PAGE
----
Ways to Improve Americas Education System

Once again, public school students in the United States rank near the bottom in testing for English and Mathematics. The country’s abysmal ranking has fallen in 12 consecutive years. Students in China, Estonia and even Iceland surpass American students in educational acumen. Alarmists point to a number of factors that have led to the precipitous decline, including high student-teacher ratios, lack of emphasis on core subjects, and the influence of teacher unions that prevent the implementation of a merit-based teacher compensation system. However, the factors leading to America’s education decline go much further than the sound bites promulgated by media talking heads.

Parents need to take back control of their children’s education. The burgeoning number of households with one parent or both parents working full-time undermines the most essential element of a child’s education. Parents must closely monitor their children’s study habits and participate in school activities that require adult supervision. Parents can no longer allow their children to spend the bulk of their time connecting with peers on Facebook or playing countless hours of the latest gore game on Playstation. There was a time in American history when parents held their children accountable for their education, instead of blaming teachers and administrators for their children’s shortcomings. We desperately need to return to that era.

The repeated calls for more school days, longer school hours and additional homework do not address the fundamental reason for America’s education decline. The sausage grinding system of putting each child through the exact same curriculum ladder impedes educational development. For a system that promotes diversity, the American education system expects each child to learn the same subjects, in the same time frame, under identical parameters. The education system should allow children to explore their interests at an early age. Forcing geometry on a child who wants to expand his literary horizons inhibits the child’s development. One of the primary reasons parents pull their children out of the American education system for comprehensive home-schooling is because of the lack of subject focus in the public education system.

Another reason the popularity of home-schooling has soared over the past decade is that an increasing number of parents realize that much of what our children learn eventually turns out to be patently false. Take, for instance, the lies told about our money and banking institutions. The systemic perception presented by the elite involves spinning how the economy operates on flat money and debt. The education system inculcates our children to accept the debt dynamic, when in fact debt is the main culprit for our current economic woes. History lessons turn into outright lies; such as the legacy of Christopher Columbus and why America fell into Civil War. If we want our children to receive an authentic education, then we must teach them the truth – or at least allow them to discover the truth on their own.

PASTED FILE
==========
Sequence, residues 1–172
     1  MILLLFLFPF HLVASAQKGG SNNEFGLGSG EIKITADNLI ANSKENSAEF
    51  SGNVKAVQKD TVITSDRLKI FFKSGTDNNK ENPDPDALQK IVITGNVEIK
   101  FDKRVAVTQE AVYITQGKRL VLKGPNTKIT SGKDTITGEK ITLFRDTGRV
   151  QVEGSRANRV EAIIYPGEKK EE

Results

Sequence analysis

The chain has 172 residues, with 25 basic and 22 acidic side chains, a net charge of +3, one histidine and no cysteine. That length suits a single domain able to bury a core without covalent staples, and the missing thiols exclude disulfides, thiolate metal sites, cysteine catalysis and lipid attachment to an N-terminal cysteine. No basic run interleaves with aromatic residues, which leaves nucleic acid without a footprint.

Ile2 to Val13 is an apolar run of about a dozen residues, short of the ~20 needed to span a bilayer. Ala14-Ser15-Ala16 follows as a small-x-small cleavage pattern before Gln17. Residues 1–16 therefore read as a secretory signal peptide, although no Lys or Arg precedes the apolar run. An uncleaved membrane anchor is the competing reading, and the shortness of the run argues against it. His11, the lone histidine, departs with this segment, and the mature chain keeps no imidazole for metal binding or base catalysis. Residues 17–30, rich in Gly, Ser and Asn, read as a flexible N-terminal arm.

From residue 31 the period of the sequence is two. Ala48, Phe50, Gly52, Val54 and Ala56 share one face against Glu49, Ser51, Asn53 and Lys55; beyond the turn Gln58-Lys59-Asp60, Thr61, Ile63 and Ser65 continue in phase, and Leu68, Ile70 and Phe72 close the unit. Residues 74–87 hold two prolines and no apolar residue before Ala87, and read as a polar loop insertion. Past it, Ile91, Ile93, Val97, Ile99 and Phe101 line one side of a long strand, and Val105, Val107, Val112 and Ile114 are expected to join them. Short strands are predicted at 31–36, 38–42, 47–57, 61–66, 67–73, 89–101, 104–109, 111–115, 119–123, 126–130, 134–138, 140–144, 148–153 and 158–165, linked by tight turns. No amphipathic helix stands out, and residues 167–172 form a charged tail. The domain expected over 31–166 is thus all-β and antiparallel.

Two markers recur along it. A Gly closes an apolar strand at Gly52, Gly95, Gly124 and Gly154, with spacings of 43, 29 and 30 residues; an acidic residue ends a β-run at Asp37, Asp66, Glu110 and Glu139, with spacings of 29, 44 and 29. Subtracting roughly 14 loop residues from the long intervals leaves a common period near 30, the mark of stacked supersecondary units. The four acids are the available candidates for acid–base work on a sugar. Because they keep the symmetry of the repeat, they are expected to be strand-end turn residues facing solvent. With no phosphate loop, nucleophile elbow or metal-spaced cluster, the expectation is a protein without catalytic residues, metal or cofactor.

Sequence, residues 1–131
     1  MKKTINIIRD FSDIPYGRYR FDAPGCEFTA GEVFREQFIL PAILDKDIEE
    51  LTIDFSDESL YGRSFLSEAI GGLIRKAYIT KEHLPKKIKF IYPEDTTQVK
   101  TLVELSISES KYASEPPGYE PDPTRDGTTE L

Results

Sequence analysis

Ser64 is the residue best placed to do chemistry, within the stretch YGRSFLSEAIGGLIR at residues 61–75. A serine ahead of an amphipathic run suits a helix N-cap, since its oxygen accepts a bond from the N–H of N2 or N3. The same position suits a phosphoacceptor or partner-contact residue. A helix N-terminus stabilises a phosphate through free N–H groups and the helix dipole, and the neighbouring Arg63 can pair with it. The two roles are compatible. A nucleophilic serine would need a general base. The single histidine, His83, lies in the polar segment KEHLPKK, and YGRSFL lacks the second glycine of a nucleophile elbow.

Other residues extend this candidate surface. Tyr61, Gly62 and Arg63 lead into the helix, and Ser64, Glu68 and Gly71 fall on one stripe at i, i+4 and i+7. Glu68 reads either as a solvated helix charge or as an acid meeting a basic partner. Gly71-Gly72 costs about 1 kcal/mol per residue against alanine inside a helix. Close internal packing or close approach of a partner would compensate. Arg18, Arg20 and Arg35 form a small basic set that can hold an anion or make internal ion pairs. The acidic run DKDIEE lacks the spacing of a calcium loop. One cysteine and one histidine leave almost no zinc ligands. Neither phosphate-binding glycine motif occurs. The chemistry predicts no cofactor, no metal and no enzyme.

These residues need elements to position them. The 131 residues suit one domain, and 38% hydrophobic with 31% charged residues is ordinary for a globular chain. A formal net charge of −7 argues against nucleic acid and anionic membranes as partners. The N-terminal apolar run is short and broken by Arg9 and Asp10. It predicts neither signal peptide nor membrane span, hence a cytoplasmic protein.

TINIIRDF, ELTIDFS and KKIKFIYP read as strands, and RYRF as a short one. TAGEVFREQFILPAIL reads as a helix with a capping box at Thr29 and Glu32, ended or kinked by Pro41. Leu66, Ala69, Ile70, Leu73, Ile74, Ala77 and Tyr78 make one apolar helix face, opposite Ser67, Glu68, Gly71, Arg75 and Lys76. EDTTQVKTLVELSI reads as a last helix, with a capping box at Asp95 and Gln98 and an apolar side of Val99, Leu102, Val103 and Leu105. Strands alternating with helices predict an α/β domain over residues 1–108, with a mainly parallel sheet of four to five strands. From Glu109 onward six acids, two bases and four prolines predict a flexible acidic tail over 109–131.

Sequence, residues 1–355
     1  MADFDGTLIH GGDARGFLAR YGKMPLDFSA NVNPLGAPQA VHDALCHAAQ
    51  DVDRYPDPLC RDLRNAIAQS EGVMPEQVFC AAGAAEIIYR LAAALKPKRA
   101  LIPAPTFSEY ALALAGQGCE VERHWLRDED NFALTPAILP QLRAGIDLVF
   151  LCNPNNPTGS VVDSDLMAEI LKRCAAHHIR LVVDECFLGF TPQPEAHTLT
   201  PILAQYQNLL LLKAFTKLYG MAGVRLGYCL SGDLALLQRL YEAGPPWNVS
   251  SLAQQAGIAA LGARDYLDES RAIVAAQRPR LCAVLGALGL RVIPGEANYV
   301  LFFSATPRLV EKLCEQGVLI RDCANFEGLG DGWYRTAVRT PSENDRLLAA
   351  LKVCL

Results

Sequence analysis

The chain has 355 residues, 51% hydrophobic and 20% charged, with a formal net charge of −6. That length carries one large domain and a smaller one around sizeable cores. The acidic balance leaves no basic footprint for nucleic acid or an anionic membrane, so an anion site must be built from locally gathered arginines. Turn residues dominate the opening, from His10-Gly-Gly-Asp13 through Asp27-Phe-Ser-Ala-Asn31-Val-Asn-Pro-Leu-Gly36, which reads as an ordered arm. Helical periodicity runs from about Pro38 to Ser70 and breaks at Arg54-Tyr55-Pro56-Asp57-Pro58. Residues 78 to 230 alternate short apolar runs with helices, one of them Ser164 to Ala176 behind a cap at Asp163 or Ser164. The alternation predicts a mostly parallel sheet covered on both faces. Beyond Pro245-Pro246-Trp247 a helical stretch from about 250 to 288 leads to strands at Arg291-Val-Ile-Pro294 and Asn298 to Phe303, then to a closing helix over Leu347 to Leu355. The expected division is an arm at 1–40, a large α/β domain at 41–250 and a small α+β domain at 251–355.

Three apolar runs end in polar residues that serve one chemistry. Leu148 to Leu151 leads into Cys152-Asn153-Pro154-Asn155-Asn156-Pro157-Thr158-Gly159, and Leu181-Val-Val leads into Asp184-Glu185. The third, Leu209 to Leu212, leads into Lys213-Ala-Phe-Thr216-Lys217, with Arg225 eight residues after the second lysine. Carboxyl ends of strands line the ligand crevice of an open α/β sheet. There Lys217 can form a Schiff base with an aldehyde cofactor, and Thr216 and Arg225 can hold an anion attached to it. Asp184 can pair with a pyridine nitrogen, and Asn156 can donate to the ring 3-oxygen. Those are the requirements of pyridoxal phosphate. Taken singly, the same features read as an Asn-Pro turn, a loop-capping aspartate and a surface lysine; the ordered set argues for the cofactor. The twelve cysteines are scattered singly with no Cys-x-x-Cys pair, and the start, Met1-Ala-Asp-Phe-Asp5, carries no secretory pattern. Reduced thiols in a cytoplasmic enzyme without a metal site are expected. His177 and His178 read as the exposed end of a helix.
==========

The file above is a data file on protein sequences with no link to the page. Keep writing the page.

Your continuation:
Wisconsin has become ground zero for the fight between public sector workers and politicians who want to eliminate the right of collective bargaining. Lost in all of the hyperbole, media loudmouths have not tackled the sensitive issue of paying teachers based on performance. The merit-based pay system flourishes in other countries – the same countries that perennially top America in education rankings. Performance-based pay sounds good on paper, but it loses its luster when performance is measured by student test scores. Teachers teach to tests, instead of presenting curriculum that sets our children down the road towards success. Test scores can be one measure of teacher performance. Other indicators should include measuring student progress, developing children in their core interest, and the use of interactive learning tools.

The education system should eliminate tenure from any compensation considerations. Politicians should allow parents to send their children to any school within their school district, and allow them to opt out of their high school in lieu of a better performing high school in their geographic region. Teacher unions vehemently fight against competition among schools. Nonetheless, this is not about competition, but about giving parents the right to seek the best education for their children. Let us not capitulate to failure, but take failing schools out of the education system.

The No Child Left Behind Act exemplified what is wrong with the American education system. It was a broad stroke against common sense. It also added unnecessary layers to an already bloated education bureaucracy. The best idea for improving the United States education system may be the most neglected idea: radically streamlining the composition of the education bureaucracy.